“He was down in the bullpen and ready to throw,” DiSarcina shared. “The direct correlation of his batting average rising is with his playing time rising. He’s a special guy and I enjoy having him on the team.
“I’ll go look for Diaz in the sixth or seventh inning and he’ll walk by me and say, ‘Hey, I’m just getting my legs loose if you need a pinch runner,’” DiSarcina delved further. “(Red Sox manager John Farrell and bench coach Torey Lovullo) spoke highly of him and their words have rung true.”
There are ways for DiSarcina to manipulate the roster – providing he receives a heads-up. An outfielder, Hazelbaker informed the manager that he has family in Columbus. Was there a way to make something happen? Apparently Hazelbaker’s request did not fall on deaf ears; the 25-year-old appeared in the first three games of the current four-game set against the Clippers.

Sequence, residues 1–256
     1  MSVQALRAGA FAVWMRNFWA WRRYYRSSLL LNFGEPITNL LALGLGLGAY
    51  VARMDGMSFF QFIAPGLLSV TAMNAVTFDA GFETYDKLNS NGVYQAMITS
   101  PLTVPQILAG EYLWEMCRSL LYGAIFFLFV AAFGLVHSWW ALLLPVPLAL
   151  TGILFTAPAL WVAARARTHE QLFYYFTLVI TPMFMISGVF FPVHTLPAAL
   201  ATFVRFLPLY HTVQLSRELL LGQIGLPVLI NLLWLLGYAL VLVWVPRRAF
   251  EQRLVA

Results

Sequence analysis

DiSarcina has a specific program on his computer that keeps tabs on playing time. The log is self-explanatory. Those deemed as priorities, a la Bogaerts and Hassan, are going to see their name on the lineup card more often than not.
As for the other guys, the ones who are being asked to take a back seat, rest assured that they are far from forgotten.
“These guys are all professionals, especially when it comes to Sutton, Snyder, Diaz and Henry,” DiSarcina said. “They understand and make it easier on me.”
Follow Brendan McGair on Twitter @BWMcGair03